In a normal year we would be debating several worthy agricultural stories as the most important. We certainly would be taking a hard look at the continuing dicamba herbicide saga. 2020 saw the U.S. Court of Appeals for the Ninth Circuit de-register dicamba formulations in the middle of the growing season from Bayer AG, Corteva, and BASF because of shoddy regulatory control at the Environmental Protection Agency:
“The EPA made multiple errors in granting the conditional registrations…the EPA substantially understated the risks it acknowledged, and it entirely failed to acknowledge other risks. We conclude that the “fundamental flaws” in the EPA’s analysis are so substantial that it is exceedingly “unlikely that the same rule would be adopted on remand.”
Since that April ruling, we learned how Monsanto, which was purchased by Bayer in 2018, ruthlessly dumped dicamba on farmers. As it turns out Monsanto knew dicamba was seriously flawed but put it on the market anyway figuring farmers would have no choice but to buy dicamba resistant cotton and soybean seeds to prevent dicamba drift from neighboring farms destroying their crops.
But instead of sending Big Ag back to the herbicide drawing board, EPA re-registered dicamba with yet another confusing and impossible to follow spraying label, along with increased buffer zones, a requirement requiring mixing dicamba with a volatility-reducing chemical and a June 30th cutoff date. Farmers immediately saw this as a stinking pile of horse manure and filed a lawsuit that's pending.
OK...dicamba was a big deal. But not as big as the ongoing federal mismanagement of climate change which is threatening to reshape our world forever. The EPA spent much of 2020 unraveling any regulation that might lower U.S. greenhouse gas emissions capping four years of White House denial that climate change is real.
While a few republican Representatives and Senators have begun warming to the realization that unabated climate change will permanently rearrange global political and economic realities the GOP at large continued to push alternative reality that climate change isn't worth the trouble of legislative relief. With the election of a new president expect some movement on climate change in 2021 but realize permanent changes will require Congressional lawmaking.
But all this pales in comparison to 2020s top agricultural issue – the novel coronavirus. Our full 2020 coverage is here but there are a couple of topics which need new federal oversight as soon as possible:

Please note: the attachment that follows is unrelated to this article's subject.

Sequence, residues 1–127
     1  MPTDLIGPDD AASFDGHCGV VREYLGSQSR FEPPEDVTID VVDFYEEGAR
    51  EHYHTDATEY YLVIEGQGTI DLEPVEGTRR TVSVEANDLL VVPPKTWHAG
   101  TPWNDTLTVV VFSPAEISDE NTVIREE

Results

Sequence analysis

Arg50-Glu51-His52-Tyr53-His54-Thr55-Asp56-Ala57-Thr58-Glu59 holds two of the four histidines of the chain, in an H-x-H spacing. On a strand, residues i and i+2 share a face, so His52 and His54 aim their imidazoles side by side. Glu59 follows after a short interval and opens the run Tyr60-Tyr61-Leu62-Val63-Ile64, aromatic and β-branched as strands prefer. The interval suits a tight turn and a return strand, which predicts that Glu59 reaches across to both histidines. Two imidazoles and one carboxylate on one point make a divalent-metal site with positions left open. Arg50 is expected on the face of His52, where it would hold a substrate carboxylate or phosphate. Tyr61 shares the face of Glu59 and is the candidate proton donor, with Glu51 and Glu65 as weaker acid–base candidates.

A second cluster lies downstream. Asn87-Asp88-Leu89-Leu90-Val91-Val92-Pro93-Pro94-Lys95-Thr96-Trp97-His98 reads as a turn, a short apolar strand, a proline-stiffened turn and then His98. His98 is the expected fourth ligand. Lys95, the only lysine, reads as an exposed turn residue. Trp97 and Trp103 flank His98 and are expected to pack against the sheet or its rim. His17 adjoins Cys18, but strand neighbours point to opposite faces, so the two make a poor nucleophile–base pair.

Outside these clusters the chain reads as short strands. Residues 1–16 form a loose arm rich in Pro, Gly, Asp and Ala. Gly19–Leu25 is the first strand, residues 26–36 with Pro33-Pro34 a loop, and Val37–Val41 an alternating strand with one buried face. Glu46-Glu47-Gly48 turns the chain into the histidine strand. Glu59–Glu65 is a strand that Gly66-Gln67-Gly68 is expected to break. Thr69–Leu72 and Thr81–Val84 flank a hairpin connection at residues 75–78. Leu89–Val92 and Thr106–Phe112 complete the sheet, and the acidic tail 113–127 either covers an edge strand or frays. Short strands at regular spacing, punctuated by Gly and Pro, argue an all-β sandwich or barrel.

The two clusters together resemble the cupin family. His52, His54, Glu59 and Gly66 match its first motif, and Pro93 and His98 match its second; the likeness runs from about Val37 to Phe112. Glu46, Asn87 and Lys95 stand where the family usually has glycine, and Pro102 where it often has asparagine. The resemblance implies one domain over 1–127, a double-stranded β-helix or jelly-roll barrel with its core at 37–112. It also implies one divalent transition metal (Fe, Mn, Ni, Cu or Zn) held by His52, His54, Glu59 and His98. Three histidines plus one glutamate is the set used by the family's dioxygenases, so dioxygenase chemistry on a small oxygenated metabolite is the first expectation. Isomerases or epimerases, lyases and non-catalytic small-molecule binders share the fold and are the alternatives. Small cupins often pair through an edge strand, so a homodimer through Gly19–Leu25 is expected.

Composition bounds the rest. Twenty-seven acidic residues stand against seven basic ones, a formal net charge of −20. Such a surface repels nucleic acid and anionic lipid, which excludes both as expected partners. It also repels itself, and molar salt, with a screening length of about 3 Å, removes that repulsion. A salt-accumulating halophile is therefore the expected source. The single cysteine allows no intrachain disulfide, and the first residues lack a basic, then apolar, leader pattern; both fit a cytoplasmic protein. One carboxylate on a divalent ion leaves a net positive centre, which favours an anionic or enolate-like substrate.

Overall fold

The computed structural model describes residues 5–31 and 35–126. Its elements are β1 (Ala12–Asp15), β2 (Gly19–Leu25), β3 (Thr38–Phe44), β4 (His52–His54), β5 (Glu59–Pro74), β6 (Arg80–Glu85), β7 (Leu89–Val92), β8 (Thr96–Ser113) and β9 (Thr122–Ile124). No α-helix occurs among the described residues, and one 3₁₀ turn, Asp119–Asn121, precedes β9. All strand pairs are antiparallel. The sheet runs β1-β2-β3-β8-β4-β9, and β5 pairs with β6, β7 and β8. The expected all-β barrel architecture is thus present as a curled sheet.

Deaths of agricultural workers and their families exposed while on the job to coronavirus. Reporting showed Big Ag, the White House and the Occupational Safety and Health Administration in cahoots to keep meat processing lines rolling no matter the cost in human life. Some of the biggest meat packers in agriculture – Smithfield Foods, Tyson, and JBS to name a few – were not up to the challenge of dealing with coronavirus. Smaller processing companies were also guilty. When the virus is finally under control – perhaps in the summer or fall of 2021 – Congress needs full scale investigations to understand what happened.
Government's inability to quickly redirect food from wholesale to retail. The federal government spent months early on stumbling all over itself in redirecting food production from restaurants closed down to stem the spread of the virus to retail for public purchase. There was plenty of blame to go around – to processors, food servers, retail, and household.
Nothing disrupted agriculture in 2020 as much as SARS-CoV-2. In addition to death, market disruptions and waste, the coronavirus put huge stress on food banks, reduced school feeding programs, and restricted access to food with stay at home orders. Covid has left our nation with a boatload of unresolved questions and issues.
American agriculture was unprepared for the coronavirus, and often unresponsive as the pandemic grew. It will take a bi-partisan reckoning by both state and federal government to avoid a repeat when the next pandemic rears its ugly head.
About Dave Dickey
Dickey spent nearly 30 years at University of Illinois at Urbana-Champaign’s NPR member station WILL-AM 580 where he won a dozen Associated Press awards for his reporting. For 13 years, he directed Illinois Public Media’s agriculture programming. His weekly column for the Midwest Center covers agriculture and related issues including politics, government, environment and labor. His opinions are his own and do not reflect the Midwest Center for Investigative Reporting. Email him at firstname.lastname@example.org.